Silananda, Sayadaw U
Volition and the Law of Kamma
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The popular meaning of "kamma" is action or doing, but in the Buddhist sense it means volition or willing or intending. When we do something, there is volition or willing behind it, and that effort of the will is called "kamma." You intend to do what you do and you reap the result of your intentions and actions.

 
 
Soma Thera
Buddhas-Teaching--Clear-&-Practical Message
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The Buddha’s message consists of the doctrine (dhamma) and discipline (vinaya). The discipline has to do with conduct, virtue and morals—the ethical side of the message—and the doctrine with the rest. In the threefold division of the path to happiness, produced by the destruction of craving, the discipline comes under the aggregate of virtue (sīla), and the doctrine belongs to the aggregates of concentration (samādhi) and wisdom (paññā). The discipline concerns the activity of speech and bodily behaviour; the doctrine is connected with the activities of the intellect and with understanding. 

 
 
Soma Thera
The Buddhist Code of Discipline
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The Buddha’s message consists of the Doctrine (Dhamma) and the Discipline (Vinaya). The Discipline has to do with conduct, virtue, morals, the ethical side of the message; the Doctrine with the rest. In the threefold division of the Noble Eightfold Path, the Discipline comes under the aggregates of virtue (sīla); the Doctrine belongs to the aggregates of concentration (samādhi) and wisdom (paññā). The Discipline concerns the activity of speech and bodily behaviour; the Doctrine is connected with the activities of the intellect and of the understanding.

 
 
Soma Thera
The Dhammacakkappavattana Sutta
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For seven weeks after his enlightenment, the Buddha, staying near the Bodhi Tree, thought over the implications of the discovery he had made, and its bearing upon the destiny of beings. He had seen life truly as it is; that is, as an arising and a passing away; he knew that when there is an arising, there is only the arising of ill, and when there is a ceasing, only a ceasing of ill. His compassion urged him to pass this knowledge on to the world for the benefit of living beings. So, after much thought upon the way of presenting the doctrine to the world, he decided to seek out his 3 old companions in struggle, the group of five ascetics, Koṇḍañña, Bhaddiya, Vappa, Mahānāma, and Assaji, who, next to two great teachers, Ālāra Kālāma and Uddaka Rāmaputta, now dead, had been of greatest assistance to him in his quest.These five were then staying at Isipatana, the Sages’ Resort, in the deer park near Benares, and the Buddha went there to preaent his first sermon.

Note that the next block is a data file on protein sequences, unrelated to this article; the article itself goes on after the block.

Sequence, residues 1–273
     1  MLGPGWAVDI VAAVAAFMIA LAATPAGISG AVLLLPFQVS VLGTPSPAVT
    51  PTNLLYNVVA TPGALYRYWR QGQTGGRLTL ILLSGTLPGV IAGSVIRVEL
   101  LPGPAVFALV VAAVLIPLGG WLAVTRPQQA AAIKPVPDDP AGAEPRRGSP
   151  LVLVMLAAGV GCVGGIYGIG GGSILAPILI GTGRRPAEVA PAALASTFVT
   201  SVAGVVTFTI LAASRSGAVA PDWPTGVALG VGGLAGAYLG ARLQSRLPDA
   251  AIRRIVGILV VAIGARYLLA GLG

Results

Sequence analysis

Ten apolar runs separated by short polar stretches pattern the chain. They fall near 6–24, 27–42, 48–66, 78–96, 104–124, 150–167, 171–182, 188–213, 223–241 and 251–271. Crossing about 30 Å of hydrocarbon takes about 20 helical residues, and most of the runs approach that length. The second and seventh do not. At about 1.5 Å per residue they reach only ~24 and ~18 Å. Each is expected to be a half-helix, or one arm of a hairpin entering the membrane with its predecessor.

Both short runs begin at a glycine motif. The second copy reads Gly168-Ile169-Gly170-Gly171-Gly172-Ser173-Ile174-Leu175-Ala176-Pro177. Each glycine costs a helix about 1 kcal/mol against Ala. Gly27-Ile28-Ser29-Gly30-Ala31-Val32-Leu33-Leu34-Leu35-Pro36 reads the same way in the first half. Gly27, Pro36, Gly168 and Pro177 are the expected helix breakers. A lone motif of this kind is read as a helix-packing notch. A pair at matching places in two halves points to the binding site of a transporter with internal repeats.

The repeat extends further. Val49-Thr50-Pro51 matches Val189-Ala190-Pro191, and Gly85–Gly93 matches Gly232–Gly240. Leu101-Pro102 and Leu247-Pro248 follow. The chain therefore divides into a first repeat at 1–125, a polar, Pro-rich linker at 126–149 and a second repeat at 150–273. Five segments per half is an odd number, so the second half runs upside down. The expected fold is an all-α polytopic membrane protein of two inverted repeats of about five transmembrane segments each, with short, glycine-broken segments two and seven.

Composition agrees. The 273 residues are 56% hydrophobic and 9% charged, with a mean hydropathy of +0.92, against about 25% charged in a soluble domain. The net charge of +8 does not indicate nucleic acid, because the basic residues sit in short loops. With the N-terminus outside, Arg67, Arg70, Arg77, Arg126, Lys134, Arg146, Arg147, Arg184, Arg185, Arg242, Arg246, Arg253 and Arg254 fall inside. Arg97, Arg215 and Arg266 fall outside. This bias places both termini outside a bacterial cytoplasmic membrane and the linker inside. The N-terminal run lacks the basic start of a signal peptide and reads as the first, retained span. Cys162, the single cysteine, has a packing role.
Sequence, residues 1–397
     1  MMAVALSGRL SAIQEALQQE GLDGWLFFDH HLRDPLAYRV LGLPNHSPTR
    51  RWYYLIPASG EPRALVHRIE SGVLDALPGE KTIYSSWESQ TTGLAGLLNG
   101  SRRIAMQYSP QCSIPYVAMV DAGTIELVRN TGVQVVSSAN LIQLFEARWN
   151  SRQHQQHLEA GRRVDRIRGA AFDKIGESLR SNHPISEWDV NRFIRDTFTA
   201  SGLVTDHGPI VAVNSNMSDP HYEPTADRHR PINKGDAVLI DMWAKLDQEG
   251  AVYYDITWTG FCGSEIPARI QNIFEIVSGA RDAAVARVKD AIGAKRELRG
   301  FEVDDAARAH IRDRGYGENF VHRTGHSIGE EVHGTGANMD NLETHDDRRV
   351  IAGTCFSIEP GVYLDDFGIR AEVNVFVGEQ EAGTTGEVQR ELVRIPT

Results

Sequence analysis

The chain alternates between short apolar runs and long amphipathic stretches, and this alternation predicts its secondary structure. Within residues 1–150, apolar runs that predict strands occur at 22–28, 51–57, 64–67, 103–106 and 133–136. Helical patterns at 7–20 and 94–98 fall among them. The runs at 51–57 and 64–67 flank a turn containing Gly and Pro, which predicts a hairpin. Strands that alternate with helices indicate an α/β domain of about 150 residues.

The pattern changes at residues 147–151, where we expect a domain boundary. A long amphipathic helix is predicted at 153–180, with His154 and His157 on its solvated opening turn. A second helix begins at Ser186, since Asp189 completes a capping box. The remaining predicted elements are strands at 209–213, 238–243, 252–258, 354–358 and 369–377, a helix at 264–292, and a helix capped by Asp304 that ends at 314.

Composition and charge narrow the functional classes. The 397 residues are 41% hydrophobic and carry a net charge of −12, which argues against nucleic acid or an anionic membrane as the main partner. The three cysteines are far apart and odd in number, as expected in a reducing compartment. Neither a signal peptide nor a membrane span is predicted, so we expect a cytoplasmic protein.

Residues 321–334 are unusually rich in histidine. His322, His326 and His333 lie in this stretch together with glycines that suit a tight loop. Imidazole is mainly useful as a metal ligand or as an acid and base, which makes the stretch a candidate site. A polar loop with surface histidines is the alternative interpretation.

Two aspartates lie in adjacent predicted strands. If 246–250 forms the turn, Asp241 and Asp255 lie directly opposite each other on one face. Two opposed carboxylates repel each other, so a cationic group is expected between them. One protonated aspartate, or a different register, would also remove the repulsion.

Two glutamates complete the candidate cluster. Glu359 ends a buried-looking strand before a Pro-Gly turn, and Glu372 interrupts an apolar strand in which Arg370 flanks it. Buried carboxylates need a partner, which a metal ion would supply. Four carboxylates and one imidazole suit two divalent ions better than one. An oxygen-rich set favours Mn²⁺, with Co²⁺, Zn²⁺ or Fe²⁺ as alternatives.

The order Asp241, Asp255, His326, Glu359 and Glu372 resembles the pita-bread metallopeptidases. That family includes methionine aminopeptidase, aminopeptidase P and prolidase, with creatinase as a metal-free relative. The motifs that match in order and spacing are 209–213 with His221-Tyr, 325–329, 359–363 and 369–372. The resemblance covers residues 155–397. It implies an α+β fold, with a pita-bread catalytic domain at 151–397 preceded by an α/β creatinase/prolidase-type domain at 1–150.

Soma Thera and Piyadassi Thera
The Lamp of the law
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 Dharmapradīpikā, which may aptly be translated as Lamp (pradīpikā) of the Law (Dharma), is a sort of commentary on the Mahābodhivaṃsa, the “Chronicle of the Tree of Enlightenment’, written in Pāli by that erudite author, Upatissa Mahā Thera. Judging from the style of language it can be said that the Dharmapradīpikā was written either toward the end of 12th century A. C. or beginning of the 13th century. As our author himself says in his other work, Amāvatura, the “Perennial Spring’, Dharmapradīpikā is a work dealing with the doctrine (Dhamma) of the Buddha while Amāvatura 4 speaks of the life of the Buddha. 

 
 
Soma Thera
Treasures-of-the Noble
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The treasures of the noble disciples of the Buddha are not precious stones and pearls, silver and gold, or fields and houses. Nor are the noble treasures connected with the power and glory of earthly sovereignty; These are the seven treasures the noble have: Confidence, virtue, the sense of shame and fear, Learning, bounty, and understanding right. Not poor is the man endowed with these, Not empty is his life of worthy things. Therefore should he who is in understanding fixed, Be diligent working to gain confidence, Virtue, clarity, and vision of the truth, Mindful of the law of him who understood.

 
 
Soma Thera
Way of Mindfulness
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The Satipaþþhána Sutta, the Discourse on the Foundations of Mindfulness, is generally regarded as the canonical Buddhist text with the fullest instructions on the system of meditation unique to the Buddha’s own dispensation. The practice of Satìpaþþhána meditation centres on the methodical cultivation of one simple mental faculty readily available to all of us at any moment. This is the faculty of mindfulness, the capacity for attending to the content of our experience as it becomes manifest in the immediate present. What the Buddha shows in the sutta is the tremendous, but generally hidden, power inherent in this simple mental function, a power that can unfold all the mind’s potentials culminating in final deliverance from suffering

 
 
Story, Francis
Buddhist Meditation
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There is an essential difference between Buddhist Meditation and that practiced in other world systems which put different emphases on different things. In Buddhism there are two root causes which must be addressed, and they are ignorance (avijja) and desire (thanha) which form a viscious circle, when due to ignorance, desire cannot be satisfied. So in Buddhist meditation, we contemplate the root causes of mental dissatisfaction in order to to get rid of them, and this practice leads to satisfaction..